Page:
When I was in town for the Tampa Bay Beer Week shenanigans this past spring, there was one event I wasn’t going to miss: Beer Kulture’s creole food and dance party.
The party was hosted in a part of town known as The Deuces. Like many neighborhoods in many cities, there’s a clear dividing line between its formerly thriving black community and encroaching real estate speculation, which is spreading through St. Petersburg. The area was isolated, though somewhat self-sufficient in the face of segregation. Eventually, it was dealt an economic blow when it was cut off by the interstate.
Now, sitting right in the midst of it is Chief’s Creole Cafe, run by Elihu and Carolyn Brayboy. The restaurant was founded a few years ago, and some see it as a taking-back of that speculation, a way to slowly re-attract businesses into the area to revitalize and serve the existing community (lest The Deuces become known, simply, as “historically” black).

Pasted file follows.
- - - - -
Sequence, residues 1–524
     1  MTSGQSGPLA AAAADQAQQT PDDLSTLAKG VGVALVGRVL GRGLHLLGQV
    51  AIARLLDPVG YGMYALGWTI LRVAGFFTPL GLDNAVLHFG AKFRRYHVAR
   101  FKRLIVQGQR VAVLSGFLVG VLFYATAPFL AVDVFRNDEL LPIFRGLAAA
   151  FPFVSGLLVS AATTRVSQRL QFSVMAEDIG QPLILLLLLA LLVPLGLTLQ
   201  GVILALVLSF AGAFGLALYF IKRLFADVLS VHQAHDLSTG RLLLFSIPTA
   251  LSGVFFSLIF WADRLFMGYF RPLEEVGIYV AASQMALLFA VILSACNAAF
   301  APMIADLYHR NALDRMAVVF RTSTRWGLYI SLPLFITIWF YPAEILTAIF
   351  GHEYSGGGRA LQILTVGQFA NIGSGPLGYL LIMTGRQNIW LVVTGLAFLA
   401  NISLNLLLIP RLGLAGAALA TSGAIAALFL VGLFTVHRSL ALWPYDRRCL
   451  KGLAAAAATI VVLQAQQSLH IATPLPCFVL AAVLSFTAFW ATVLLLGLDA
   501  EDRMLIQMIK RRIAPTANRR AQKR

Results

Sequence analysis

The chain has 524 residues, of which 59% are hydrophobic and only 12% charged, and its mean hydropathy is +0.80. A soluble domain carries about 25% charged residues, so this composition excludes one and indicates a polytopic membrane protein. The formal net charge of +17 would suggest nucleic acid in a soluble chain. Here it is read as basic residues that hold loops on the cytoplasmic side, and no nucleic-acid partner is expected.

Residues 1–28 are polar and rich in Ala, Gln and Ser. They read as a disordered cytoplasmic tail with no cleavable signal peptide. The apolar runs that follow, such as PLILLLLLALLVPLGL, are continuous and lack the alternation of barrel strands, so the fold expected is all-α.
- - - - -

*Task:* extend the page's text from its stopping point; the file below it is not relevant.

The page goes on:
All night long, fritters came out of the kitchen and Fat Tire and Mural cans were popped and poured at the bar. Guests showed up wearing their bright red-and-black T-shirts, “Beer Kulture” proudly emblazoned across the front of them.
“I’m the only black woman brewing in Alabama as far as I know,” one woman told me, standing about five feet tall, a Willi Becher in her hand. As pointed as it sounds, the fact was offered more as a passing anecdote within a larger story about being a military veteran, and how that experience plays into her worldview.
“It makes me better at everything I set my mind to,” she said. “I love it.”
Next to the bar stands New Belgium’s CEO and the company’s Chain Sales Director. (Chain sales are by far the majority of the brewery’s business.) Fresh off a sales call with Publix (a major grocery store chain in the south), they’re chatting with guests about the local scene. Another small bubble formed around Tampa Bay Beer Week’s founder.
The ringmaster of the evening, Dominic “Doochie” Cook, barely stood still all night, moving from one person to the next with a clear-eyed calmness, making sure they were covered, happy, supplied. As much fun as it was for everyone else, he was hustling. He was connecting. He was consolidating a small, new power.
“You have Chief’s fritters yet?” he asked, as if breaking from a spell.
“That and the wings,” I said.
“Aight, I’ll hit you back in a minute.”
Just like that, he moved on without ever breaking his focus on the patio, assessing the crowd and its newcomers.
[Disclosure: New Belgium underwrites GBH’s Into the Wild series.]